1. ## A curious function.

Marie and Fred are arguing again, this time about the function:

$g \left( x \right) =2\,\arctan \left( {\frac {1+x}{1-x}} \right) +
\arcsin \left( {\frac {1-{x}^{2}}{1+{x}^{2}}} \right)$
.

Fred says that if x > 0 then g(x) is a non-constant function whose derivative is zero. Marie says that's nonsense, and even if it weren't, for x < 0, g(x) is a smooth function whose derivative is never zero.

2. Originally Posted by jbuddenh
Marie and Fred are arguing again, this time about the function:

$g \left( x \right) =2\,\arctan \left( {\frac {1+x}{1-x}} \right) +
\arcsin \left( {\frac {1-{x}^{2}}{1+{x}^{2}}} \right)$
.

Fred says that if x > 0 then g(x) is a non-constant function whose derivative is zero. Marie says that's nonsense, and even if it weren't, for x < 0, g(x) is a smooth function whose derivative is never zero.

For $x>0$ we have $g'(x) = 0$ but $x\not =1$ since it is not defined for $x\not = 0$. Therefore, $0 < x < 1$ we have a zero derivative and for $x>1$ we have a zero derivative. But those two vertical lines are not the same. Now for $x<0$ we have a non-zero derivative.

3. Thanks to ThePerfectHacker for the repy. Yes you are basically right. I'm not sure what you mean by "those two vertical lines" though. The graph of y=g(x) looks like this:

What seems strange to me is that a function defined by a nice single line analytic formula, namely

Should be a step function, i.e. constant but for a jump discontinuity for x>0 but a smooth monotonically increasing function for x<0. The explanation comes from the fact that if you let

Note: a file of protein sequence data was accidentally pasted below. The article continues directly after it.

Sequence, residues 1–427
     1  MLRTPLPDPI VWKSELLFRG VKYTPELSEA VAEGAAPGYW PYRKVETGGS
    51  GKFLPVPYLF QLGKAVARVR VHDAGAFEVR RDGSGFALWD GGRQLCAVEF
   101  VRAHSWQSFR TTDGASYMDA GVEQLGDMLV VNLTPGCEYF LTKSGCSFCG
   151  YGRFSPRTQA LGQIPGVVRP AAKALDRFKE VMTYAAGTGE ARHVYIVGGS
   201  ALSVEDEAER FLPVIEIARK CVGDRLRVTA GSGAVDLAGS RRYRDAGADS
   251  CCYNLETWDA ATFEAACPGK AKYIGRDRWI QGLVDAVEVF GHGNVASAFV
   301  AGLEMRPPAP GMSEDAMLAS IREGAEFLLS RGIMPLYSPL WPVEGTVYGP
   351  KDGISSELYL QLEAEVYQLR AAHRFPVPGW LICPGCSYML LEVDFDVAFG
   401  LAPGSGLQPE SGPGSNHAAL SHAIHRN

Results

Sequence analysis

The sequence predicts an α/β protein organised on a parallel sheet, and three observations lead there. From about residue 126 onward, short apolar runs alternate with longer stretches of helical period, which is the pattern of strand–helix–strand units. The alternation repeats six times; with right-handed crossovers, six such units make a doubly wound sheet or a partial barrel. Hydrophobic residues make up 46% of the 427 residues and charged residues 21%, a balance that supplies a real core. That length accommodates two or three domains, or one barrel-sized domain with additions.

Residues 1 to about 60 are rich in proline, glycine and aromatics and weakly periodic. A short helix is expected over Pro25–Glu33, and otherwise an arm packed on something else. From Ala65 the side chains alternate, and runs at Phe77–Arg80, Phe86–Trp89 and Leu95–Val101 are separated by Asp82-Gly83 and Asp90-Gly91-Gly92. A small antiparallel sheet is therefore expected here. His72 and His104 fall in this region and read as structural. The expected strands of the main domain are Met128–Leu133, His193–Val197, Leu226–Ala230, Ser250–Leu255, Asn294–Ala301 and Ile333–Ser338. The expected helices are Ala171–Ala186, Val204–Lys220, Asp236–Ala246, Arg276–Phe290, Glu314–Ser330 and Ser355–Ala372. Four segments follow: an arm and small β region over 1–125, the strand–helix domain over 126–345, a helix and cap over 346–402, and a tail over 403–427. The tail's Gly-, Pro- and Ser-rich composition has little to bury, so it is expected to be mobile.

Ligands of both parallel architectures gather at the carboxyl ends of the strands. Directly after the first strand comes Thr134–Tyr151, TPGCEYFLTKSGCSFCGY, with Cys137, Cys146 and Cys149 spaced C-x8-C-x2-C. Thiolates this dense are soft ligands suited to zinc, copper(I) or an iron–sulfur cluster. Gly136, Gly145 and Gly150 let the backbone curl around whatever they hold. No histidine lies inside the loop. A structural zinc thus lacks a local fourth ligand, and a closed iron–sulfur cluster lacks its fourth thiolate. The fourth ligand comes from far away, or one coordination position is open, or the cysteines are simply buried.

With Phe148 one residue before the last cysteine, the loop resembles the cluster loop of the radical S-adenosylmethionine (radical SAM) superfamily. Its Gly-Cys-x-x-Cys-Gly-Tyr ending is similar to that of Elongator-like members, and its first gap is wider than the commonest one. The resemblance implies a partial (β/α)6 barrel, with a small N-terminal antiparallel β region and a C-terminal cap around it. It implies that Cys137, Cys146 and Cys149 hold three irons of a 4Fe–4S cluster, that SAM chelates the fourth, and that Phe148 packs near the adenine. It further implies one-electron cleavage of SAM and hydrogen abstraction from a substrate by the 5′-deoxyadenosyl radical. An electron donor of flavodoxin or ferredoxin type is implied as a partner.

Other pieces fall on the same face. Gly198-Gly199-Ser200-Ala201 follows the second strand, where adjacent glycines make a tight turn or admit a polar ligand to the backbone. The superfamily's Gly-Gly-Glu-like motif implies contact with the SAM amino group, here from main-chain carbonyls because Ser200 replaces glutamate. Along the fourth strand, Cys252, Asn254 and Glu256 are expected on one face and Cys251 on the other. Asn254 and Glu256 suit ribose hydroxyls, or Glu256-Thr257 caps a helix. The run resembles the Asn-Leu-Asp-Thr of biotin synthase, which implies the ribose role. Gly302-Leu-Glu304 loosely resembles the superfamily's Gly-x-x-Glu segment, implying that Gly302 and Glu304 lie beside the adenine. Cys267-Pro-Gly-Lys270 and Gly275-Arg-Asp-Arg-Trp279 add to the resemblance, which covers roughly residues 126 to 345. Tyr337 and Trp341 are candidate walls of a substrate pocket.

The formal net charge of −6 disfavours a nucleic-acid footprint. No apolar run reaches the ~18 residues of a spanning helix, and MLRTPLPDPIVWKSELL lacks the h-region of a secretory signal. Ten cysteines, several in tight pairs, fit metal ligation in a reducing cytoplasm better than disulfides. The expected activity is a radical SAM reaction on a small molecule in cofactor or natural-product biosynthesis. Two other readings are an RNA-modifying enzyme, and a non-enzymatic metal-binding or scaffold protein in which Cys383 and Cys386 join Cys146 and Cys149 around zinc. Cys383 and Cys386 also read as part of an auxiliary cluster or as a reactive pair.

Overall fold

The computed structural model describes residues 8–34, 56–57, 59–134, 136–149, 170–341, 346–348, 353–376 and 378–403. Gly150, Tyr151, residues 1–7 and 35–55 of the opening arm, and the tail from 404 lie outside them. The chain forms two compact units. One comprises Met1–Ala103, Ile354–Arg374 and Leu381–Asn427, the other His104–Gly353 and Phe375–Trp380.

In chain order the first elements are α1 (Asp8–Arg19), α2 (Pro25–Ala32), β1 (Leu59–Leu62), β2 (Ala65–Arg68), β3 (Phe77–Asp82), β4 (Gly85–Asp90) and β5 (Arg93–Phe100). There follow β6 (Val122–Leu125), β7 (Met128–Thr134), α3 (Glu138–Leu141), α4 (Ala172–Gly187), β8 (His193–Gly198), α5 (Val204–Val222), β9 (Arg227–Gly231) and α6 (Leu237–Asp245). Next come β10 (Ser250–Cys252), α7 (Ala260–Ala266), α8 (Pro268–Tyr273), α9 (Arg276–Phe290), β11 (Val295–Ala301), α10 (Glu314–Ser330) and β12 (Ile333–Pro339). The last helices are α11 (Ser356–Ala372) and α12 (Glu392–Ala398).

$\alpha=2\,\arctan \left( {\frac {1+x}{1-x}} \right)$ and $\beta=\arcsin \left( {\frac {1-{x}^{2}}{1+{x}^{2}}} \right)$

then using, for example the double angle formula for the tangent function, it is not hard to show that $\sin \left( \alpha \right) =\sin \left( \beta \right)$. This, however, can happen in different ways, and for x<0 it happens via, $\alpha=\beta$, whereas for 0<x<1 it happens as $\alpha+\beta=\pi$ and after the discontinuity at x=1 it happens as $\alpha+\beta=-\pi$.

4. Originally Posted by jbuddenh
Thanks to ThePerfectHacker for the repy. Yes you are basically right. I'm not sure what you mean by "those two vertical lines" though.
If $0 then $g'(x) = 0$ therefore the graph must be a vertical line.
If $x>1$ then $g'(x) = 0$ must be a vertical line.
Those are "those two vertical lines".

5. Originally Posted by ThePerfectHacker
If $0 then $g'(x) = 0$ therefore the graph must be a vertical line.
If $x>1$ then $g'(x) = 0$ must be a vertical line.
Those are "those two vertical lines".
One of us has vertical mixed up with horizontal. No portion of the graph of g nor of g' is vertical.

6. Originally Posted by jbuddenh
One of us has vertical mixed up with horizontal. No portion of the graph of g nor of g' is vertical.
Sorry. I meant to say "horizontal" thank you for the correction.